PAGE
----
Figure 4.2. Changes to job role experienced during COVID-19 pandemic (% of respondents)

To assess perceived financial coping during COVID-19 in Wave 2 of the SCOVID Mental Health Tracker Study, respondents were asked: "How well would you say you are managing financially these days?" Responses ranged from 'living comfortably' to 'doing alright', to 'just about getting by', to 'finding it quite difficult' to 'finding it very difficult'. At the time of the Wave 2 survey:

  • Just under a quarter (23.4%) of respondents felt they were living comfortably
  • 43.2% of respondents reported doing alright,
  • Under a quarter (23.7%) said they were just about getting by,
  • 6.1% were finding it quite difficult and 3.6% finding it very difficult financially.

Particular groups within the sample reported finding things more difficult financially, in particular 30-59 year olds, women, and respondents with pre-existing mental health conditions.

  • Across all age groups over 40% of respondents felt they were doing alright financially (18-29 41.2%, 30-59 41.5%, 60+ 47.1%).
  • Only 17.6% of the 30-59 year olds felt they were living comfortably compared to 23.0% of 18-29 year olds and 32.9% of the 60+ group.
  • Financial difficulties were more likely to be reported by 30-59 year olds (quite difficult 8.5%, very difficult 4.6%) feeling compared to the youngest (quite difficult 4.7%, very difficult 4.4%) and oldest age (quite difficult 3.4%, very difficult 1.3%) groups.
  • Women were less likely to feel they were coping well financially (living comfortably 19.9%, quite difficult 7.7%) compared to men (living comfortably 27.3%, quite difficult 4.5%).
  • The most stark contrast was in those with and without a pre-existing mental health condition. Those with a condition were 3 times more likely (24.3% vs 7.6%) to report feeling financial difficulties (quite difficult 16.0%, very difficult 8.3%) compared to those with no pre-existing condition (quite difficult 4.7%, very difficult 2.9%).

4.5 Trust in others and authorities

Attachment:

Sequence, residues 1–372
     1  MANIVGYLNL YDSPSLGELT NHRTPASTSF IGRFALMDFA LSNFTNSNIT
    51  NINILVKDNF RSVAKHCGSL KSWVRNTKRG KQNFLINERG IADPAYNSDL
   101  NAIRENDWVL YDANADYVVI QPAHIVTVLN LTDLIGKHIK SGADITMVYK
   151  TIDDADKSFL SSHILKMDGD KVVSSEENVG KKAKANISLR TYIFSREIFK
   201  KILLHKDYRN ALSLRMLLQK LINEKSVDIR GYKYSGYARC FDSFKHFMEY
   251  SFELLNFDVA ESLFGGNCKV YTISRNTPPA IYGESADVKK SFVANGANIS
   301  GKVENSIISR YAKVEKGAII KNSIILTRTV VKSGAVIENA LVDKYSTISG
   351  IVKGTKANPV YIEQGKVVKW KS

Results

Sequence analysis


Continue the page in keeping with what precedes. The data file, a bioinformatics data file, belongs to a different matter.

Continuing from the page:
Trust is an important indicator of how confident people are in society more widely. In Wave 2 of the SCOVID Mental Health Tracker Study, Trust towards others (people and strangers) and the authorities (police, NHS, UK, and Scottish governments) was assessed.

4.5.1 Trust in others

Two statements were used to assess trust in others: 'In general one can trust people' and 'When dealing with strangers it is better to be careful before you trust them'. Response options were 'strongly disagree', 'disagree', 'agree' and 'strongly agree. Two thirds of the sample (68.5%) agreed or strongly agreed that on the whole, people could be trusted.

Differences in subgroups arose by age and health status:

  • Respondents in the 60+ year age group were more likely to reported feeling that people were generally trustworthy (78.1%) compared to two thirds (65.0%) of 30-59 year olds and 62.6% of 18-29 year olds.
  • Respondents with no pre-existing mental health conditions were more likely to report feeling that people were generally trustworthy (71.2%) compared to respondents with pre-existing mental health conditions (49.4%).
  • Those with no pre-existing physical health conditions were more likely to report feeling that people were generally trustworthy (69.3%) compared to respondents with pre-existing physical health conditions (65.2%)

The majority of respondents (88.9%) agreed or strongly agreed that it was better to be careful when dealing with strangers. Differences arose by age and health status:

  • The younger age groups were more likely to disagree with the sentiment that it is better to be careful of strangers before you trust them. Over a tenth of the 30-59 year olds (13.5%) and the 18-29 year olds (11.4%) disagreed compared to 7.0% of the 60+ years age groups. Respondents with no pre-existing physical health conditions were more likely to disagree about the need to be careful with dealing with strangers (11.8%) compared to respondents with pre-existing physical health conditions (8.0%).

4.6 Interpersonal harm

This section gives a brief overview of the findings about respondents' recent experiences of physical harm and bullying or psychological harm in the 2 weeks before the Wave 2 questionnaire.

Overall, 3.3% of respondents reported that they had been physically harmed by another person in the prior 2 weeks. Additionally, 3.7% of respondents reported experiences of being bullied, controlled, intimidated or psychologically hurt by somebody else.

Particular groups within the sample reported higher rates of interpersonal harm than their subgroup counterpoint:

  • Young adults (18-29 years) reported more physical and psychological harm
  • Women reported higher rates psychological harm than men
  • Those in the lower SEG reported higher rates of physical harm
  • Those with a pre-existing mental health condition reported higher physical and psychological harm
  • Those with a pre-existing physical health condition reported higher psychological harm

Contact

Email: socialresearch@gov.scot